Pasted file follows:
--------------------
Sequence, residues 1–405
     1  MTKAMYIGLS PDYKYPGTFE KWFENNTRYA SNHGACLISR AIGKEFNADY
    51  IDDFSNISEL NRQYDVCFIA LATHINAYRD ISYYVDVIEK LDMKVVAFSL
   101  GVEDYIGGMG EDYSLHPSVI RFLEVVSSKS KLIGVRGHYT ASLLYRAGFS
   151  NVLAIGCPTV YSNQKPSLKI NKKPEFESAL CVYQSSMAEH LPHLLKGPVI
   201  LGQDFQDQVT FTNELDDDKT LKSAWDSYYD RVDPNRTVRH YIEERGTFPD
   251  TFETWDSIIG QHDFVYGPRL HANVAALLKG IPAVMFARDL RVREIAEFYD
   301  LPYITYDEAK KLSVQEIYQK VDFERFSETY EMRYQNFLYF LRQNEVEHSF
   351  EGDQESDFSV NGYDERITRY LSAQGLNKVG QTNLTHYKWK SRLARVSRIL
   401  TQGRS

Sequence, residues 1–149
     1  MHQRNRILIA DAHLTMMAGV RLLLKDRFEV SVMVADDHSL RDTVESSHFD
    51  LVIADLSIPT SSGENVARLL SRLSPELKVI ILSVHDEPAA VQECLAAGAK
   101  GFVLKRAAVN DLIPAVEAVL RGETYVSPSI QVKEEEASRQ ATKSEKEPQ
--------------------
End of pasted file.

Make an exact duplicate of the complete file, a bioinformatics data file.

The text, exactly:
Sequence, residues 1–405
     1  MTKAMYIGLS PDYKYPGTFE KWFENNTRYA SNHGACLISR AIGKEFNADY
    51  IDDFSNISEL NRQYDVCFIA LATHINAYRD ISYYVDVIEK LDMKVVAFSL
   101  GVEDYIGGMG EDYSLHPSVI RFLEVVSSKS KLIGVRGHYT ASLLYRAGFS
   151  NVLAIGCPTV YSNQKPSLKI NKKPEFESAL CVYQSSMAEH LPHLLKGPVI
   201  LGQDFQDQVT FTNELDDDKT LKSAWDSYYD RVDPNRTVRH YIEERGTFPD
   251  TFETWDSIIG QHDFVYGPRL HANVAALLKG IPAVMFARDL RVREIAEFYD
   301  LPYITYDEAK KLSVQEIYQK VDFERFSETY EMRYQNFLYF LRQNEVEHSF
   351  EGDQESDFSV NGYDERITRY LSAQGLNKVG QTNLTHYKWK SRLARVSRIL
   401  TQGRS

Sequence, residues 1–149
     1  MHQRNRILIA DAHLTMMAGV RLLLKDRFEV SVMVADDHSL RDTVESSHFD
    51  LVIADLSIPT SSGENVARLL SRLSPELKVI ILSVHDEPAA VQECLAAGAK
   101  GFVLKRAAVN DLIPAVEAVL RGETYVSPSI QVKEEEASRQ ATKSEKEPQ